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1.6. Millimetre-wave observations (15mm–3mm)

Technical details of the ATCA mm systems are presented in MMICS for the AT mm-wave receiver system by Gough et al. (Proc. 12th European Gallium Arsenide and other Compound Semiconductors Application Symposium, 2004, pp.359-362) and Cryogenically Cooled mm-wave Front Ends for the Australia Telescope by Moorey et al. (Proc. European Microwave Conference, 2008, pp.155-158). This section builds on many of the concepts described in the previous section on centimetre wavelength observations, which should be read before reading this section.

1.6.1. 15mm Observations

All six antennas of the Compact Array are equipped with 15mm receivers covering the frequency range 16–25 GHz. The 15mm system shares a common dewar with the 7mm and 3mm receivers, and the separate feed horns at the top of the dewar are moved to the Cassegrain focus of the Compact Array antennas using the rotator positioning system. Because the 15, 7 and 3 mm receivers have separate feed horns, observations cannot be simultaneous between the 15, 7 and 3 mm bands.

1.6.2. 7mm Observations

The ATCA can observe within the frequency range 30–50GHz. Feeds and receivers were installed into the existing mm-wave receiver packages on all 6 antennas in 2007, with the 7mm upgrade jointly funded by the ATNF and NASA's Deep Space Network to enable the ATCA to participate in occasional spacecraft tracking.

The wide 7mm band presents difficulties in signal down-conversion, as the aliased signal from the first down conversion stage can also be within the 7mm band. Although image rejection filters are used, variations in receiver gain across the band, combined with the frequency-dependent performance of the filters themselves, can result in appreciable signal levels being added to the observing band. Generally, this aliased signal does not cross-correlate and is present as a contribution to the noise level. However, in some circumstances, notably as the delay rate drops to zero (e.g., around source transit on north-south baselines), the aliased component can cross-correlate and be visible as “beating" on some baselines. This data must be flagged during the data processing.

1.6.3. 3mm Observations

The inner five ATCA telescopes (i.e., excluding CA06) are outfitted with a 3mm receiver and can observe in the range 83 to 105 GHz. A noise diode has been added to the 3mm system on CA02 (only) to aid with 3mm polarisation calibration. Aliasing effects similar to those described at 7mm can also arise in the 3mm band.

A limited form of flexible scheduling is operational for observations at millimetre wavelengths. Consult the document Flexible Scheduling at ATCA for details.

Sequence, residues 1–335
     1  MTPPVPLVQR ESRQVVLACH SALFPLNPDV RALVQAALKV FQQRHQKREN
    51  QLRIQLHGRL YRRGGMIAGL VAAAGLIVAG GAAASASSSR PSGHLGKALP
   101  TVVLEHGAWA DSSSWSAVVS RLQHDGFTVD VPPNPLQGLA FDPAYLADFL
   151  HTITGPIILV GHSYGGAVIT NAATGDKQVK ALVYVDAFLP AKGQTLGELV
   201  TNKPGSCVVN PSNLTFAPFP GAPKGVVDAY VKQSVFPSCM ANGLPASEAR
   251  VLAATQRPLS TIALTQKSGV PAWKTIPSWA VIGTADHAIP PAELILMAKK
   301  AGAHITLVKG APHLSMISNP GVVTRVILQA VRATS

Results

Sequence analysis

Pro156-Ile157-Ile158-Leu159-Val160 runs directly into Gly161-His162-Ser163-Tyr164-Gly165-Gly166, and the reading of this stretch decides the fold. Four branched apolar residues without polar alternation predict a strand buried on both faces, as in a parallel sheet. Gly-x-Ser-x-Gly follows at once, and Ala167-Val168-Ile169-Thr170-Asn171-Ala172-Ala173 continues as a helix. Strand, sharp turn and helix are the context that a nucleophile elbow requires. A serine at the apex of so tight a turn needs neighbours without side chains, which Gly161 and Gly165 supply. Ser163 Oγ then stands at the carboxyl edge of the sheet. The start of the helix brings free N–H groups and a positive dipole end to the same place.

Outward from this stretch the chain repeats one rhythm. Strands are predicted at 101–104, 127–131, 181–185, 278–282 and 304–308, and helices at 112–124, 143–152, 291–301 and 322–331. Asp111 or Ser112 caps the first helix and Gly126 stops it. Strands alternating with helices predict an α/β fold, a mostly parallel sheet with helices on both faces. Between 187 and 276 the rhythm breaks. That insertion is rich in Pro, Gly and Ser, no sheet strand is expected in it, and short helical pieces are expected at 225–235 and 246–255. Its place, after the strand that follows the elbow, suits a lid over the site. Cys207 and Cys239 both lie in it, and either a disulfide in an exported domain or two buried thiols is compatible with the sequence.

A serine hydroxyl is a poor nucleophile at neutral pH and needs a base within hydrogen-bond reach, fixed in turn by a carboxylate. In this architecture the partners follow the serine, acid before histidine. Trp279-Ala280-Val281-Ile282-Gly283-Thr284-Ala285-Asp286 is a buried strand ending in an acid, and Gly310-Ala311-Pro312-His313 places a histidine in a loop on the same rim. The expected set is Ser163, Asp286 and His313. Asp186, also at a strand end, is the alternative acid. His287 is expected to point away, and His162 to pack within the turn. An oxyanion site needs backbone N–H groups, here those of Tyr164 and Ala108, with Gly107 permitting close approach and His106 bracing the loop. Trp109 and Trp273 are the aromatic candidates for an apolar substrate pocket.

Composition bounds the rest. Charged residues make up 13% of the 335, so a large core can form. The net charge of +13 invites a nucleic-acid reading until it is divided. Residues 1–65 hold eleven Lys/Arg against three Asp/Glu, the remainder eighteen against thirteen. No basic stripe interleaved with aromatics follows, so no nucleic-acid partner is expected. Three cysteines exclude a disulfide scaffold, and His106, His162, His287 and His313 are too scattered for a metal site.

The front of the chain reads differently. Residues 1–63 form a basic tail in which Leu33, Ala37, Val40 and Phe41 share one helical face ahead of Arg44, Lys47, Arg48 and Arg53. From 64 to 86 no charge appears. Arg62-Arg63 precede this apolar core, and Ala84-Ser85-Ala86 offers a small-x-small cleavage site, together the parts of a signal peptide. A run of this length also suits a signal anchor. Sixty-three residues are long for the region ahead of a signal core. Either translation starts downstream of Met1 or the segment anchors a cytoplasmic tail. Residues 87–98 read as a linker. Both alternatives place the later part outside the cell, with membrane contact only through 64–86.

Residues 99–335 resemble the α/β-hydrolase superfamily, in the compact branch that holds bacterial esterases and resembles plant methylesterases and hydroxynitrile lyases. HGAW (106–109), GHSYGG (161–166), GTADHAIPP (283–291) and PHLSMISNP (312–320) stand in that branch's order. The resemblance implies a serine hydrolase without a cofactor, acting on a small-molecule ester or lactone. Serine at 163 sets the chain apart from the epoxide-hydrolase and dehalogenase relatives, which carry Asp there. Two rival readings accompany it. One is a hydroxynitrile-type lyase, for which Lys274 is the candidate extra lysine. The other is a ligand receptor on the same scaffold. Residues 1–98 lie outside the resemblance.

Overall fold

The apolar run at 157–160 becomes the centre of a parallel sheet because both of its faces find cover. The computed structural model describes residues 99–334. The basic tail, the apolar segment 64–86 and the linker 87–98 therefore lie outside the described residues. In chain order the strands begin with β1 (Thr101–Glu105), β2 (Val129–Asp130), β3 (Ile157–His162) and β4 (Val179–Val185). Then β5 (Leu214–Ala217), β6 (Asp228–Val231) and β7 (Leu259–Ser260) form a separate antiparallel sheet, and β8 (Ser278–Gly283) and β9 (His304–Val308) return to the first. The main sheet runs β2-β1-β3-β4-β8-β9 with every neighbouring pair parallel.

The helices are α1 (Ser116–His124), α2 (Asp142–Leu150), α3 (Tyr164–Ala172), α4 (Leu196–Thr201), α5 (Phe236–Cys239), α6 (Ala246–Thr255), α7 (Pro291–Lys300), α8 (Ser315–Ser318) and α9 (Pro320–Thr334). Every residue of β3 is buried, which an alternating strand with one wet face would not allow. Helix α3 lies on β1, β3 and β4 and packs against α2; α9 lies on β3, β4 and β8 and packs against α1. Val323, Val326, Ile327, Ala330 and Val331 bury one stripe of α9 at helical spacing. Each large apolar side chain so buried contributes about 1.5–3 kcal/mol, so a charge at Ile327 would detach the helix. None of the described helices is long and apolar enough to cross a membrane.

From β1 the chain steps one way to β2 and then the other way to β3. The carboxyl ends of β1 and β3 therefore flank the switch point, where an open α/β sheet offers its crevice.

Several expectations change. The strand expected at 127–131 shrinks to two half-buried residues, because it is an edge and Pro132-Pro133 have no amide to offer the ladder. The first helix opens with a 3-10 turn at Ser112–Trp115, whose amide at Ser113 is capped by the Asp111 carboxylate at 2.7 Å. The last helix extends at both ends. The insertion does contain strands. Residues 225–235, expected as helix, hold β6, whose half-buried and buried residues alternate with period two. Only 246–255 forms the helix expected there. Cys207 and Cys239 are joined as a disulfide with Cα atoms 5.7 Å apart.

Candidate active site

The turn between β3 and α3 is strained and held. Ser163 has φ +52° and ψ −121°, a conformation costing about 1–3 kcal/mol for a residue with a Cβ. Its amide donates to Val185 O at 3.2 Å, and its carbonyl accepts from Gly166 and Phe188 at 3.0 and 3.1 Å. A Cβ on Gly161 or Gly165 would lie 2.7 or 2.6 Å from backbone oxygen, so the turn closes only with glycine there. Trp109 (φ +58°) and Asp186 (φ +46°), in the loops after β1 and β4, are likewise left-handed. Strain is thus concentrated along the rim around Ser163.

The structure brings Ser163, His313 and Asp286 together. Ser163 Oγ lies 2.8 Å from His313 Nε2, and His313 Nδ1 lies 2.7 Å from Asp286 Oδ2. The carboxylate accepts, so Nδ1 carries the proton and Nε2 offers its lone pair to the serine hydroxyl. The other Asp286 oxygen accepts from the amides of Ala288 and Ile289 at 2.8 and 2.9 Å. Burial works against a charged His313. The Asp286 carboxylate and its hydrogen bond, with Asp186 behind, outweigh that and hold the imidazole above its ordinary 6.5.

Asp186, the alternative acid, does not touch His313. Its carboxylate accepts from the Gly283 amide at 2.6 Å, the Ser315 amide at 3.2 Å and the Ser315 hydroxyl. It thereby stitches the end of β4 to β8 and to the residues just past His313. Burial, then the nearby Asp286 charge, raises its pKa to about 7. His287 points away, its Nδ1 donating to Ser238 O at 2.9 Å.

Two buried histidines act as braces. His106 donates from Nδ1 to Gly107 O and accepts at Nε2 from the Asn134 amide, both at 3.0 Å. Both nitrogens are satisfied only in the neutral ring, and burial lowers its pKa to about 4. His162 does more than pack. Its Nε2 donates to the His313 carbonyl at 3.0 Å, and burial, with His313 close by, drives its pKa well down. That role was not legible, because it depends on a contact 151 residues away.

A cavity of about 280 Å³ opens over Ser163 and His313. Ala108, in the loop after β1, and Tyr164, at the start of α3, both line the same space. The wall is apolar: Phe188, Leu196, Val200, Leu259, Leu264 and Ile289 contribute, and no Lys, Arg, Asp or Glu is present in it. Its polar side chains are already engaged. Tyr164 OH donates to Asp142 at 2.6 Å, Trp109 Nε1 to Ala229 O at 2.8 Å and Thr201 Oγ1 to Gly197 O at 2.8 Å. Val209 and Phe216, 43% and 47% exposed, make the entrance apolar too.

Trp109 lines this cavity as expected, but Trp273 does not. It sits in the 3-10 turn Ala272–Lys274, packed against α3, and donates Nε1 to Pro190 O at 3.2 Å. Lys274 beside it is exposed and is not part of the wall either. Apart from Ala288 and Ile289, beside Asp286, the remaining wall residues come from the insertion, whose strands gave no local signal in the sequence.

A quickstart guide for 3mm observing is also available.

1.6.4. Procedure for mm observations

Observations in the mm band are run from a schedule file in the same way as cm-band observations. However, due to the effects of atmosphere stability, mm observations require bandpass and phase-calibration checks at a much more frequent rate.

Note that as ATCA does not Doppler track, it is important to have a good estimation of the magnitude of the Doppler shift for the line of interest. This is particularly so for the higher frequencies available to the 3mm system. The sky frequency can be calculated using an online calculator.

A simple phase reference observation takes about an hour to run, including calibration. The following procedure is typical:

Pointing calibration → Paddle calibration → Bandpass/Phase calibrator → Target source → Paddle calibration → Bandpass/Phase calibration → Target observation.

The CABB web scheduler can be used to construct the observing schedule. Warnings for mm observations

Elevation angles close to the array horizon should be avoided because of the increased opacity and poorer atmospheric stability. Therefore, observations of objects with a declination further north of -50° are best made using hybrid configurations (i.e., one using the N-S spur) in order to achieve sufficient (u,v)-coverage.

Observations using very compact telescope configurations should be made with caution, as telescope shadowing can be a significant problem, especially for sources at declinations which do not achieve elevations high above the horizon. See Section H.2 for details.